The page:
Elbow Pain: Causes, Symptoms And Treatment

Elbow pain is often caused by overuse injuries. Repetitive motions from work or sports can cause irritation and inflammation. The elbow joint is also susceptible to arthritic pains due to years of wear and tear. Traditionally, rest is a prescribed solution to this problem. Airrosti, however, helps patients return to pain-free activity quickly, without the use of pain medications. Learn how Airrosti’s approach can help eliminate pain directly at the source in an average of just three visits.


The elbow is the joint where three long bones meet in the middle portion of the arm. The bone of the upper arm (humerus) meets the inner bone of the forearm (ulna) and the outer bone of the forearm (radius) to form a hinge joint. The radius and ulna also meet in the elbow to allow for rotation of the forearm.

Elbow pain usually isn’t serious, but because you use your elbow in so many ways, elbow pain can definitely affect your life. Your elbow is a complex joint that allows you to extend and flex your forearm and rotate your hand and forearm. Most movements are a combination of these actions, and you may sometimes find it difficult to describe what exactly brings on the pain.

Elbow pain can be caused by many problems. A common cause in adults is tendonitis. This is inflammation and injury to the tendons, which are soft tissues that attach muscle to bone. Most elbow pain results from overuse injuries. Many sports, hobbies, and jobs require repetitive hand, wrist, or arm movements. Elbow pain may occasionally be due to arthritis, but in general, your elbow joint is much less prone to wear-and-tear damage than are many other joints.

People who play racquet sports are most likely to injure the tendons on the outside of the elbow. This condition is commonly called tennis elbowGolfers are more likely to injure the tendons on the inside of the elbow. Other common causes of elbow tendonitis are gardening, playing baseball, using a screwdriver, or overusing your wrist and arm.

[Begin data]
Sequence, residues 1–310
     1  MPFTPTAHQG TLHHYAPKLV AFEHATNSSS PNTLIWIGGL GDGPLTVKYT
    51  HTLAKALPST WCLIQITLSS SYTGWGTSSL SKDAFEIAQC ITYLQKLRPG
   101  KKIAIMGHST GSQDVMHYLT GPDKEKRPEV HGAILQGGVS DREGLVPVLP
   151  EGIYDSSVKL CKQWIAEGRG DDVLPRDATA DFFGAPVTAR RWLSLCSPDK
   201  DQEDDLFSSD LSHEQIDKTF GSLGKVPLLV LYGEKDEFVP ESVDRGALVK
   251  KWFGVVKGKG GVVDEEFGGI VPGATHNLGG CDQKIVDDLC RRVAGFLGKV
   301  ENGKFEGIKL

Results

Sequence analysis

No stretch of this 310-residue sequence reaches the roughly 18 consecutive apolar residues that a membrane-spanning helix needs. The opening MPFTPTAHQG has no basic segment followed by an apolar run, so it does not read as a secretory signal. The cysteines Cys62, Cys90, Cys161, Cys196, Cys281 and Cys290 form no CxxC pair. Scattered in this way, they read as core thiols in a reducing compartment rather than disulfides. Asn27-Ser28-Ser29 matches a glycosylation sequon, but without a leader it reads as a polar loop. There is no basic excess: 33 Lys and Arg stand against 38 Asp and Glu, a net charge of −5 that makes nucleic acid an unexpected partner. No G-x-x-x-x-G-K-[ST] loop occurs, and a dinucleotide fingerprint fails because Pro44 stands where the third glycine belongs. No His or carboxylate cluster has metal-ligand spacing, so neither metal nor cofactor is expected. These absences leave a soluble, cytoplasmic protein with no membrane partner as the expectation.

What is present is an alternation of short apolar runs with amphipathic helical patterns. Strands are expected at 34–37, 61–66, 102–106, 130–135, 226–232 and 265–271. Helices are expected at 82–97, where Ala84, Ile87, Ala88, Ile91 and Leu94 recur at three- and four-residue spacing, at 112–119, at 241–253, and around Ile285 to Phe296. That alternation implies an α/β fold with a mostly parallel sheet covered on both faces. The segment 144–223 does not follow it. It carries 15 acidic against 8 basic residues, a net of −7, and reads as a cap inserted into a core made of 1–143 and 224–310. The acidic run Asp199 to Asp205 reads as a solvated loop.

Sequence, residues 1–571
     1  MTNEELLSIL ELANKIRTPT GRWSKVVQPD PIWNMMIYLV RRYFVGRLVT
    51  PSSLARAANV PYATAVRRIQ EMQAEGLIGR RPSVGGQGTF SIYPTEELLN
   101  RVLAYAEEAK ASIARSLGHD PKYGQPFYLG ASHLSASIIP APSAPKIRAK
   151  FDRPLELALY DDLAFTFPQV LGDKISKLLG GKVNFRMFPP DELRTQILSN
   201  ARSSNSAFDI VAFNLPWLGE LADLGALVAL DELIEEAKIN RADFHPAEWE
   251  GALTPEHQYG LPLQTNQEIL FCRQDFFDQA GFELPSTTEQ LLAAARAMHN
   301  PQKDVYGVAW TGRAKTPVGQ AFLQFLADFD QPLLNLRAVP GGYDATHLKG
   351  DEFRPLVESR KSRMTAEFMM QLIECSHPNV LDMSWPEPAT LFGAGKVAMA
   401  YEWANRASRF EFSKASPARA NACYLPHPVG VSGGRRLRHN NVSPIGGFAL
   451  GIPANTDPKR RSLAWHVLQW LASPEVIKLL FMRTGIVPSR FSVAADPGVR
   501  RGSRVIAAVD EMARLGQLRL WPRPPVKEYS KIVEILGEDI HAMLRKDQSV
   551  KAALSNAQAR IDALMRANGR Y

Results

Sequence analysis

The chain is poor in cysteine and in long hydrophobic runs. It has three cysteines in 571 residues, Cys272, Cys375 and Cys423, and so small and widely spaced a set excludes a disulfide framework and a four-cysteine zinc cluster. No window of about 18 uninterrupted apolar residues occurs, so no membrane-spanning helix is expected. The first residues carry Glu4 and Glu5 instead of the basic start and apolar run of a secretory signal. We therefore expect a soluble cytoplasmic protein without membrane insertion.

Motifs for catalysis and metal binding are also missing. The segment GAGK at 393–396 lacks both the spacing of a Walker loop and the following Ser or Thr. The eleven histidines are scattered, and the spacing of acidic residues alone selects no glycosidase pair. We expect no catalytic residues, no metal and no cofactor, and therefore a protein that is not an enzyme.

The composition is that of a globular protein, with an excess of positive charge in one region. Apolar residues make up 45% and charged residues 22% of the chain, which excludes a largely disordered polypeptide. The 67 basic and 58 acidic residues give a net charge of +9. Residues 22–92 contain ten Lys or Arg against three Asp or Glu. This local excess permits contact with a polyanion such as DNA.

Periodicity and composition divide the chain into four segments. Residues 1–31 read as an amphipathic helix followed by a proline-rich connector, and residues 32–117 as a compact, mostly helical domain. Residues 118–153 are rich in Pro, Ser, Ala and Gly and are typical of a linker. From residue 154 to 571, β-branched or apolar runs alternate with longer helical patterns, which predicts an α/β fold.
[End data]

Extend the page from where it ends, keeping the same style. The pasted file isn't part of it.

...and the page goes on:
Your doctor may diagnose your elbow disorder through a number of methods, often including x-rays, CT scans, EMGs, or MRIs. In some cases, he/she may order a biopsy of the bursa fluid. Treatment varies depending on the elbow disorder and symptoms you experience. Most elbow disorders require conservative treatment. Surgery may be a last resort if your symptoms don’t improve. Your traditional treatment options will typically include ice, rest, NSAIDs (over-the-counter painkillers), bracing or immobilization, steroid injections, elbow padding, and/or several weeks of physical therapy.

Airrosti is different. Our providers will work to diagnose the source of your pain, in most cases without the need for expensive imaging and diagnostic tests. Most conditions can be fully resolved within three visits (based on patient-reported outcomes).


Reviewed by Casey Crisp, Doctor of Chiropractic

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